Boston bombing defense team turns to brain science in making mitigation case

As reported in this new Boston Globe piece, headlined "Brain expert testifies for Tsarnaev defense in penalty phase," jurors tasked with deciding what punishment to impose on the Boston Marathon bomber got a lesson in brain science during today's trial activities. Here are the details:

The part of the brain that matures the latest is the part that controls impulses and imagines consequences of actions in the future, a brain development expert testified Wednesday at the death penalty trial of Boston Marathon bomber Dzhokhar Tsarnaev.

Dr. Jay Giedd, a professor at the University of California San Diego and a child psychiatrist, was called as a witness by the defense, which is seeking to stave off a death sentence for Tsarnaev, who was 19 at the time of the bombing. Giedd’s testimony came on the sixth day of the defense case in the penalty phase of Tsarnaev’s trial in US District Court in Boston. The defense is seeking a sentence of life without parole....

Giedd’s testimony appeared to be intended to suggest that Tsarnaev was not fully responsible for what he did because of his youth. In teenagers, Giedd said, impulse control is “still under construction.”

“Teens are more likely to choose smaller, sooner rewards” and are “less worried for long-term consequences,” he said. He said people’s brains tend to become adults in the second decade of their lives. But he said, “There are so many exceptions to the rule.”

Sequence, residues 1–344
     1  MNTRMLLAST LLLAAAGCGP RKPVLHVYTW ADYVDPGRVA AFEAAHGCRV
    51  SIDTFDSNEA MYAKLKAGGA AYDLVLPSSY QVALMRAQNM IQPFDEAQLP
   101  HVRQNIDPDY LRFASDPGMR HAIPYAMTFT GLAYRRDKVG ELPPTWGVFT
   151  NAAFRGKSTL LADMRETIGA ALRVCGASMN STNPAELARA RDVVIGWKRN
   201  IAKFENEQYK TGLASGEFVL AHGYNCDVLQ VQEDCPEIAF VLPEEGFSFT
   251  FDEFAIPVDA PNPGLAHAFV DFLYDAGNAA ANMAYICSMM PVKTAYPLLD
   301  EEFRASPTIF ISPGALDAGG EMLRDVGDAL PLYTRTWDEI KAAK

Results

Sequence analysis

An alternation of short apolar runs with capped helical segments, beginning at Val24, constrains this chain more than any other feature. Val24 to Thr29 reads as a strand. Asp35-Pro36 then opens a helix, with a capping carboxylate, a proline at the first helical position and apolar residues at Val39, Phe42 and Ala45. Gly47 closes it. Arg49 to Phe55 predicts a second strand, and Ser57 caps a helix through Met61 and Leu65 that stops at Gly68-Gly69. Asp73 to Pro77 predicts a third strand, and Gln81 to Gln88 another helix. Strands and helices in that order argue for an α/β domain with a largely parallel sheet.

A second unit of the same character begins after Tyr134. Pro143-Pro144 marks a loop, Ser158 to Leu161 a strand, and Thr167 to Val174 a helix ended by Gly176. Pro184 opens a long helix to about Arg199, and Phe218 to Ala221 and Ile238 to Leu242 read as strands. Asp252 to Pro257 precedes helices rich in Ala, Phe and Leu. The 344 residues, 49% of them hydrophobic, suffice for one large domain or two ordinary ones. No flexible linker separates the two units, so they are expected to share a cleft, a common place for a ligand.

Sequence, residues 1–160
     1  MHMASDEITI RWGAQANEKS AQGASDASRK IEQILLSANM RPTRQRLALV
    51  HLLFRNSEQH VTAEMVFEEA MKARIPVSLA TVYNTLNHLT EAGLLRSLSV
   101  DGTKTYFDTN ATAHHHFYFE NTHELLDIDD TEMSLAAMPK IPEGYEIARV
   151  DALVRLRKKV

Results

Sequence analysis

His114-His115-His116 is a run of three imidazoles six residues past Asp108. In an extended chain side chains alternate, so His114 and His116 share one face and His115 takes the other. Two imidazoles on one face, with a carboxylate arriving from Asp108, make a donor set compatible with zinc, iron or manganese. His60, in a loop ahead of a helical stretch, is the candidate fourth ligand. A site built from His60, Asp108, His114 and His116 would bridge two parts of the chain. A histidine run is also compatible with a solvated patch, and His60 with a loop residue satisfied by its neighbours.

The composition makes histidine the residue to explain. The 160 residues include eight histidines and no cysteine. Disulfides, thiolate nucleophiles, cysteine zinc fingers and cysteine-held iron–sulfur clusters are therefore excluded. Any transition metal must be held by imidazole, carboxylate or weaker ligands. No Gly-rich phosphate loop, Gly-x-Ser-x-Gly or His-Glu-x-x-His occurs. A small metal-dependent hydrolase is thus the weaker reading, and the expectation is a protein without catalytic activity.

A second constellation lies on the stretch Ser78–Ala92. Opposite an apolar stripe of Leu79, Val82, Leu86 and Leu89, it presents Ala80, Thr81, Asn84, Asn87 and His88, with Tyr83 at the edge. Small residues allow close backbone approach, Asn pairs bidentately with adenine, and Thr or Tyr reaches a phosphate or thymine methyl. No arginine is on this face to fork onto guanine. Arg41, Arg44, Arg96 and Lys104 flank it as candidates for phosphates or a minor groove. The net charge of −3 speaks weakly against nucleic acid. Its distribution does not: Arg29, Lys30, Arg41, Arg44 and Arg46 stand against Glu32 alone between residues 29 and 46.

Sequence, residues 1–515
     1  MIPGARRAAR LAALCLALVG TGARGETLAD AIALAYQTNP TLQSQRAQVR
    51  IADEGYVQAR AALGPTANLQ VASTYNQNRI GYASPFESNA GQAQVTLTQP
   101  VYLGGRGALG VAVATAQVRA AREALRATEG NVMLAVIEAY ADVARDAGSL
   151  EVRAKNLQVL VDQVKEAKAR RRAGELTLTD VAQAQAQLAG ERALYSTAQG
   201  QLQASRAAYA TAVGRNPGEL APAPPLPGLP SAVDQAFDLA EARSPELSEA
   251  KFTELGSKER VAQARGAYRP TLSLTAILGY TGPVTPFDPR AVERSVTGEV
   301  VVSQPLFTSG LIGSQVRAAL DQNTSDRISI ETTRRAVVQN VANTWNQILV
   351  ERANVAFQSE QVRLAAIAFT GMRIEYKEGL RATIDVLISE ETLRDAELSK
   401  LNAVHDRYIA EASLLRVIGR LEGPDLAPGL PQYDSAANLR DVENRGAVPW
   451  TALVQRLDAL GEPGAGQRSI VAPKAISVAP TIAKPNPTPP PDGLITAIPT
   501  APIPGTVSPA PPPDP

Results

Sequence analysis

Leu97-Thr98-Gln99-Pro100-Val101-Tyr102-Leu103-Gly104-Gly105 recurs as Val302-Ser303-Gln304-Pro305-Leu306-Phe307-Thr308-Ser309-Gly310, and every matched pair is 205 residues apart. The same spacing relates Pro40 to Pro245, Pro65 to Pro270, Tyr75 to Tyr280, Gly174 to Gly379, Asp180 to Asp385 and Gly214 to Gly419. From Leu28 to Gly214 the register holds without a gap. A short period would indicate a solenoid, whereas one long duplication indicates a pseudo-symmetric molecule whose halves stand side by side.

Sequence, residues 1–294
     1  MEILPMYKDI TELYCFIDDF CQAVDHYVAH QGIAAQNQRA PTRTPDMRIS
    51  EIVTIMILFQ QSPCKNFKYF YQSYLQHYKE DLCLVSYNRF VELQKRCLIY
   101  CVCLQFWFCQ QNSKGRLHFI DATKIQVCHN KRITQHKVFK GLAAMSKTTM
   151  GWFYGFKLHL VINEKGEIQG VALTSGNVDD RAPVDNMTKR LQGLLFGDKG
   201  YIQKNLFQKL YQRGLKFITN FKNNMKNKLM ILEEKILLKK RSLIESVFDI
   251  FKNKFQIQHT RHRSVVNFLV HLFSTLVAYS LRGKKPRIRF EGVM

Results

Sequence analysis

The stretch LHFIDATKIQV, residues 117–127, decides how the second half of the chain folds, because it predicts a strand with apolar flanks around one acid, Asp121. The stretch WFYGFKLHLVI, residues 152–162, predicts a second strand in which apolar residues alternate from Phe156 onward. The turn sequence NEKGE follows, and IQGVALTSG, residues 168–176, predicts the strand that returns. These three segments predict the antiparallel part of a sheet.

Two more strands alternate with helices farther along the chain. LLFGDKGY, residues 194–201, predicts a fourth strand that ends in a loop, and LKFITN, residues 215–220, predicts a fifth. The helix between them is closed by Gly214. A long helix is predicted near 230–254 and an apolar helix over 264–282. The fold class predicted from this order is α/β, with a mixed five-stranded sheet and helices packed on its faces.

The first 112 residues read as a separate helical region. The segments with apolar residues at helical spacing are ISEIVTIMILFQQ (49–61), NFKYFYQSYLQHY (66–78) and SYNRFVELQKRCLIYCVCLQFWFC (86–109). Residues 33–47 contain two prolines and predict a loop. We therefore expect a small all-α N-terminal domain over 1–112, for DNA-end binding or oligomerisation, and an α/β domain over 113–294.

He also emphasized the role of environment in a child’s brain development. Parents, he said, are “always on, teaching our children about dealing with emotion. ... Our brains learn by example.”

Under cross-examination by Assistant US Attorney Nadine Pellegrini, Giedd also testified that it was crucial to look at a person’s behavior to determine how mature they are. “The behavior itself is ... key,” he said.

He acknowledged that people even younger than Tsarnaev was could have the brain maturity to recognize the consequences of their actions. “Age might just be a number when we’re talking about the level of maturity of an individual?” Pellegrini said. Giedd agreed.

May 6, 2015 in Death Penalty Reforms, Procedure and Proof at Sentencing, Who Sentences? | Permalink | Comments (2) | TrackBack

Tuesday, May 05, 2015

"What can one prosecutor do about the mass incarceration of African-Americans?"